On the night of 27th to 28th September there is a total supermoon lunar eclipse, supermoon because the moon is nearest it's closest to the Earth (perigee) in the monthly cycle of movement of the moon moving closer to and further away from the Earth. This means the moon appears particularly large.
There is more about when you can see it here:
About a 'blood moon'
The full moon nearly always appears coppery red during a total lunar eclipse. Although it sounds dramatic, the term blood moon can be applied to any and all total lunar eclipses.
During a lunar eclipse, you’ll see the Earth’s shadow creeping across the moon’s face. The shadow will appear dark, like a bite taken out of a cookie, until the shadow completely covers the moon. Then, during the breathtaking time of totality, the shadow on the moon’s face often suddenly changes. Instead of dark, it appears red. Why?
During a total lunar eclipse, the Earth lies directly between the sun and the moon, causing the Earth to cast its shadow on the moon. If Earth didn’t have an atmosphere, then, when the moon was entirely within Earth’s shadow, the moon would would appear black, perhaps even invisible.
Thanks to Earth’s atmosphere, what actually happens is much more subtle and beautiful.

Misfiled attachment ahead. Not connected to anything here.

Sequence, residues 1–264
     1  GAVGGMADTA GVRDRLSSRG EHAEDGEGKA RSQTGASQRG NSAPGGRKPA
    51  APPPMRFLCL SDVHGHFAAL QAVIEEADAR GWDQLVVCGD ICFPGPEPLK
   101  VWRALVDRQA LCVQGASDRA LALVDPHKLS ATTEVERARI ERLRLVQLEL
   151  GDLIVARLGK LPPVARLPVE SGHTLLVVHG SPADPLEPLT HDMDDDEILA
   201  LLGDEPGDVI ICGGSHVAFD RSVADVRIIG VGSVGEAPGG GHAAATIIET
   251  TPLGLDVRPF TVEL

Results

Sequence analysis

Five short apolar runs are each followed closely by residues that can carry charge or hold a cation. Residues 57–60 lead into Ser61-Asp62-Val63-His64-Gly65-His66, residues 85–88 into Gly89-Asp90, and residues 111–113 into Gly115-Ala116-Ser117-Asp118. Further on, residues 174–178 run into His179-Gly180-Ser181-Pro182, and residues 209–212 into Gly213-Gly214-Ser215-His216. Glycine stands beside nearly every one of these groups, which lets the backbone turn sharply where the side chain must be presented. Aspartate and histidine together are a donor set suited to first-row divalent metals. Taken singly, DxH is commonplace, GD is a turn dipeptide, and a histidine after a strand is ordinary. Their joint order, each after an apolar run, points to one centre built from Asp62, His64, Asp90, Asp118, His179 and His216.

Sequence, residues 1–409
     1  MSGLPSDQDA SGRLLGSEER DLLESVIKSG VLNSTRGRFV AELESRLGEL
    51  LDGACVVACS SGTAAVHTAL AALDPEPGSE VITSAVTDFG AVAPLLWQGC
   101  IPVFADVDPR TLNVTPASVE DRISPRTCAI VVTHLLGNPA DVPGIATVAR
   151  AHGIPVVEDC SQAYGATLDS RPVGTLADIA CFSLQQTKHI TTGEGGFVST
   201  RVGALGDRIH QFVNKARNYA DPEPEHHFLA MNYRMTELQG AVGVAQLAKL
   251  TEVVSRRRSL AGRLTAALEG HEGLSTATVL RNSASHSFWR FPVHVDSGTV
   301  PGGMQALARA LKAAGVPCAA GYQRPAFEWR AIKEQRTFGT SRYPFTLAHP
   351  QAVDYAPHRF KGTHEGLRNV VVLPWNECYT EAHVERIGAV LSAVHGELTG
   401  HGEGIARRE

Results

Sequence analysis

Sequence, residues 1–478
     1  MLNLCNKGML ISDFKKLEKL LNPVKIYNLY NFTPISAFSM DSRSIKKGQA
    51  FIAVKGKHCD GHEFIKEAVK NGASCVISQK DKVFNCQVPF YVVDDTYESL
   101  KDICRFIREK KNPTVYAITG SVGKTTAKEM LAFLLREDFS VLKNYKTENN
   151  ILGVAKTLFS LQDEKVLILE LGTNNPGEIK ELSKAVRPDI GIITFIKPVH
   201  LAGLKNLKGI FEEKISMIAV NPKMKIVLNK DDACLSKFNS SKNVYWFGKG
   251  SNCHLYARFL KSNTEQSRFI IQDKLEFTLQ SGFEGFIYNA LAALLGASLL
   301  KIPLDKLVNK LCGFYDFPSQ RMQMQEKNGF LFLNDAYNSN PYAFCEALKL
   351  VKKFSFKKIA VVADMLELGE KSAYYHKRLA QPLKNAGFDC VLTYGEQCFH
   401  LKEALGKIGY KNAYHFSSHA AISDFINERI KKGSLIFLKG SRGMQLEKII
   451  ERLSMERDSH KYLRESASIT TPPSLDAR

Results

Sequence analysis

Earth’s atmosphere extends about 50 miles (80 kilometers) above Earth’s surface. During a total lunar eclipse, when the moon is submerged in Earth’s shadow, there is circular ring around Earth – the ring of our atmosphere – through which the sun’s rays pass.
Sunlight is composed of a range of frequencies. As sunlight passes through our atmosphere, the green to violet portion of the light spectrum is, essentially, filtered out. This same effect, by the way, is what makes our sky blue during the day. Meanwhile, the reddish portion of the spectrum is least affected.
What’s more, when this reddish light first entered the atmosphere, it was bent (refracted) toward the Earth’s surface. It’s bent again when it exits on the other side of Earth. This double bending sends the reddish light onto the moon during a total lunar eclipse.
About a harvest moon
In traditional skylore, the Harvest Moon is the full moon closest to the autumnal equinox, and depending on the year, the Harvest Moon can come anywhere from two weeks before to two weeks after the autumnal equinox. For us in the Northern Hemisphere, the 2015 autumnal equinox comes on September 23, so the September 27-28 full moon counts as the Northern Hemisphere’s Harvest Moon.
By the way, this year’s Harvest Moon will present the closest and largest full moon of the year. It’ll also stage a total eclipse of the moon on the night of September 27-28.
However, the Harvest Moon isn’t always the biggest full moon of the year or more pumpkin-colored than other full moons. It’s special because, at this time of year in the Northern Hemisphere, the time between successive moonrises – from one night to the next – is shorter than usual. But this year, 2015, the Harvest Moon is a bit bigger than usual … because it’s a supermoon.
This year’s Harvest Moon qualifies as a supermoon because the moon turns full about one hour after reaching lunar perigee – the moon’s closest point to Earth for the month. Read more about the 2015 supermoons here.
Will you notice the extra-large size of this full September Harvest Moon using just your eye?
More about the supermoon eclipse here: